help! 200yr old log home--what do I do?

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Old 07-04-05, 01:18 PM
southofhouston
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help! 200yr old log home--what do I do?

I am 22 and recently inherited a 200yr old log home (desperately in need of attention)--the old part is black (logs) and white (chinking) and as far as I know creosote was always used before but is now illegal--the new part (1960's) has wide wood siding, black as well. Both parts need refinished, but I am still uncertain as to what to buy. At Lowe's, the only advice was to use black Olympic stain, but we really were hoping for a treatment that would not need to be reapplied for at least 5 years. I truly am desperate for good advice since no one seems to have the answers--thank you!, -Tom
 
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Old 07-04-05, 03:54 PM
M
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Welcome to the forum Tom

Unless the sun significantly fades the black stain it should last for 5 years or so. After they banned creosote they came out with a product called blacksote. It looks about the same but doesn't have the tell tell odor of creosote. I have only seen it for sell in feed stores although the only one that sold it here burnt down so I don't know if it is still available or not.

Although they often require a lot of work the old homes are often the nicest IMO. Wish you luck and hope you enjoy your new [to you] home.
 
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Old 07-05-05, 06:14 PM
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Although there are probably no inconspicuous places on a house, I would choose one and try to clean it to see what happens. Pick a spot and try cleaning it with bleach 25% in water with a dash of Tide. Wet the spot with water, apply the mixture, let it sit for about 5 minutes, then scrub it lightly to agitate the mixture, then rinse thoroughly. Now look at what you have. If it came off clean, the black was mildew. At least what you have now is clean, so you can evaluate how it looks when it is clean.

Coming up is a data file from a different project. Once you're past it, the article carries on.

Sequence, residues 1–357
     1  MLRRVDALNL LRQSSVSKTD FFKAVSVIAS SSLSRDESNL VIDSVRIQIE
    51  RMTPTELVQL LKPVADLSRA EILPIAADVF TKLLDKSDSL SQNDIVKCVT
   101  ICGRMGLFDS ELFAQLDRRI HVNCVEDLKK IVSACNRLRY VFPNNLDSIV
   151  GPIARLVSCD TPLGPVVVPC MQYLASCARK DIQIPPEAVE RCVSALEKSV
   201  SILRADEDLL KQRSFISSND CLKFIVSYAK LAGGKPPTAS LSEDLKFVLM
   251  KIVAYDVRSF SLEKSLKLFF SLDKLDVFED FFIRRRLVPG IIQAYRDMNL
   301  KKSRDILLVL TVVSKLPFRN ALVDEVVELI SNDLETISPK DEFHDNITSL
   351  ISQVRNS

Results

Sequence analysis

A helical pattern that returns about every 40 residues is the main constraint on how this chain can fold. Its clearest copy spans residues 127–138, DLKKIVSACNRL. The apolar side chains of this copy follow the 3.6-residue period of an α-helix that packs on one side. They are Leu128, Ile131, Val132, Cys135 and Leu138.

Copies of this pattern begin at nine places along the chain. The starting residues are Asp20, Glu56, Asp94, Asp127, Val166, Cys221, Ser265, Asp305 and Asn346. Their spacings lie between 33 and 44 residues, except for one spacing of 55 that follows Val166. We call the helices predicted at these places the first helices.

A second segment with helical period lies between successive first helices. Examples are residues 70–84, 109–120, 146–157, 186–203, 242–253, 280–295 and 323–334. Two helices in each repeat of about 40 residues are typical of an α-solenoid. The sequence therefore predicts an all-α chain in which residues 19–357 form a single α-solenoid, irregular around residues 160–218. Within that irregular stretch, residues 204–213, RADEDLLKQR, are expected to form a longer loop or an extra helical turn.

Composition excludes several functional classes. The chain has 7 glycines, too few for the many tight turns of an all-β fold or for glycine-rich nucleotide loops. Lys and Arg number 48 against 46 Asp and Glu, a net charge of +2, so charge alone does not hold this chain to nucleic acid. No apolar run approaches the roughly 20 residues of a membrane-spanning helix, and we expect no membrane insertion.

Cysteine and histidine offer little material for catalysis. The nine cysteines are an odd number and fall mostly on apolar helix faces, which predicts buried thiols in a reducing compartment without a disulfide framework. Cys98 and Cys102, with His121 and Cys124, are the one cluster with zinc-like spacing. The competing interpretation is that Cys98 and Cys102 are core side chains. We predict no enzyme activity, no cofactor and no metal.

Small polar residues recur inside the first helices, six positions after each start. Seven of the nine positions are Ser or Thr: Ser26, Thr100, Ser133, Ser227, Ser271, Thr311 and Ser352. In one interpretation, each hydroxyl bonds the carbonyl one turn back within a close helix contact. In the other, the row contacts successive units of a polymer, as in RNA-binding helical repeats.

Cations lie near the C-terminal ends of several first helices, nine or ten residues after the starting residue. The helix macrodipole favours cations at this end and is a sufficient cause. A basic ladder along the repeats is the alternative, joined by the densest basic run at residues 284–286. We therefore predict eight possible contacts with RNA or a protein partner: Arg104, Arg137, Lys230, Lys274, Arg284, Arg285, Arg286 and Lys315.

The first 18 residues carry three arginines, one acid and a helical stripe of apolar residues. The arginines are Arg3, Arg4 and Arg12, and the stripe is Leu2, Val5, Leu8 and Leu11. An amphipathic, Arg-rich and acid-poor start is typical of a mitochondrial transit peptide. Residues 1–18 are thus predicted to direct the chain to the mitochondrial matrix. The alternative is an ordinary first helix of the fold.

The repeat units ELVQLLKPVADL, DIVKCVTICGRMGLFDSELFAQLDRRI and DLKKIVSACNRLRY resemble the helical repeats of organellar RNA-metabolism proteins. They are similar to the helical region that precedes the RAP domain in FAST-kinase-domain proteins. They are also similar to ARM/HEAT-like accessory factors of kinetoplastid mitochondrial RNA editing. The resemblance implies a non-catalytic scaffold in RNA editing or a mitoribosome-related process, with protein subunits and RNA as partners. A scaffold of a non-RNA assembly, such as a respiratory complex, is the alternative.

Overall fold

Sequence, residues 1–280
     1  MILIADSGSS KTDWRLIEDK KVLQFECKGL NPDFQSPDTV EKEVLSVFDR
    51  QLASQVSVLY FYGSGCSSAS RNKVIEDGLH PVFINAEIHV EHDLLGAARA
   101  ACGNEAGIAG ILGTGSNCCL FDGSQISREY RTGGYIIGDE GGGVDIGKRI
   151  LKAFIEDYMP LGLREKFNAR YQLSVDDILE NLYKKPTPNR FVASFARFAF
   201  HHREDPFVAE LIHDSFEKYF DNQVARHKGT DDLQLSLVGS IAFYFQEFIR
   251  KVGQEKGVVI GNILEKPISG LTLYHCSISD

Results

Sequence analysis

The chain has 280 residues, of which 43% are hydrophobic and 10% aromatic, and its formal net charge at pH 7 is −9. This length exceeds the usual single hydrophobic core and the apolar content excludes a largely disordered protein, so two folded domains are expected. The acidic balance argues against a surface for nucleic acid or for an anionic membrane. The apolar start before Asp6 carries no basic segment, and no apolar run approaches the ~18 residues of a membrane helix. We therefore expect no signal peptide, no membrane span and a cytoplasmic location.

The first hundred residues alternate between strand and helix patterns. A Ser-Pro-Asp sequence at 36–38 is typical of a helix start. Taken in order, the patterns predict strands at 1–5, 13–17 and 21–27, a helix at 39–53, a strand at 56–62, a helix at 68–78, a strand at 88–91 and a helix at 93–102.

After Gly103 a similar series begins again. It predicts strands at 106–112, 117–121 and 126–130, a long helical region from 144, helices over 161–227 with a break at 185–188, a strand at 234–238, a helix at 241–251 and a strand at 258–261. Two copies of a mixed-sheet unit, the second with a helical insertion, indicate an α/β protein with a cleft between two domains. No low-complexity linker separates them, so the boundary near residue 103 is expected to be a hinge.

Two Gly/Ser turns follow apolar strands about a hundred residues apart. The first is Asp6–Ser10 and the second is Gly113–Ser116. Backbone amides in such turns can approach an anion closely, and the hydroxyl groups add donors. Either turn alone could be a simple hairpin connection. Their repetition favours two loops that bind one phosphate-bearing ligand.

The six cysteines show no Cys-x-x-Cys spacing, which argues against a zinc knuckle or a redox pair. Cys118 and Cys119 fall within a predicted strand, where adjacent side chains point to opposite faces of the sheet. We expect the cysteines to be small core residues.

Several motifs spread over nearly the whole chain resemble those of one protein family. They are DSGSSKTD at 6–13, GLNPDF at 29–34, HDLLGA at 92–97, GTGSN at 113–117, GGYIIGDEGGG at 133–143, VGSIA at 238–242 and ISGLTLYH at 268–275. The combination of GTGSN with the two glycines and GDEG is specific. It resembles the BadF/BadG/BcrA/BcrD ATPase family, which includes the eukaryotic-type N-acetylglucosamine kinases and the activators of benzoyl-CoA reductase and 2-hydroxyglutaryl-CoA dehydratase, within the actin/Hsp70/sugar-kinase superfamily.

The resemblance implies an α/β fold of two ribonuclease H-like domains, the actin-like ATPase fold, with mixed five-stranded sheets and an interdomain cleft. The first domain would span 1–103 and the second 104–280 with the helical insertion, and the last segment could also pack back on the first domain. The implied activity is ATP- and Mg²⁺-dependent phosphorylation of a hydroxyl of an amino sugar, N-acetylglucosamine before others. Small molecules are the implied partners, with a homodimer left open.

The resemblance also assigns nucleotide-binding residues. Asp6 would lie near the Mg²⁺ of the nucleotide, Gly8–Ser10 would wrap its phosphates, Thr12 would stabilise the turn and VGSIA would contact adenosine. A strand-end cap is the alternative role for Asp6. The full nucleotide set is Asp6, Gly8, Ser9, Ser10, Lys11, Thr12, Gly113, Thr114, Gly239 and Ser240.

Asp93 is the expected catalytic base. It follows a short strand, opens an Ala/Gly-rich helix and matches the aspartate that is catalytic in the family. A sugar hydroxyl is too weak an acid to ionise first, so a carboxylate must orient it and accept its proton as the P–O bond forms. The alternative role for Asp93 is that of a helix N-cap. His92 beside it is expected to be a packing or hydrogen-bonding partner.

If you decide to apply the stain, be sure to clean the entire house beforehand to insure a clean surface. A clean, sound surface is an important part of a good paint or stain job.

Hope this helps.
 
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Old 06-22-07, 05:30 PM
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I just finished the interior renovation of an 1850 log cabin with an addition, probably similar to the one you have, maybe not as nice. I think the painter used the Sikken's stuff on the exterior. Took a long time. I'm no painter, so I guess it was normal. It looked rich after the staining. Hope yours comes out as well. Do what you can to restore it. They're not any more of them.
Without any advertising intended go to www.chandlerscarpentry.com to see about some ideas. Click on projects two. The stain hadn't been applied at that time but it really helped the looks.
 
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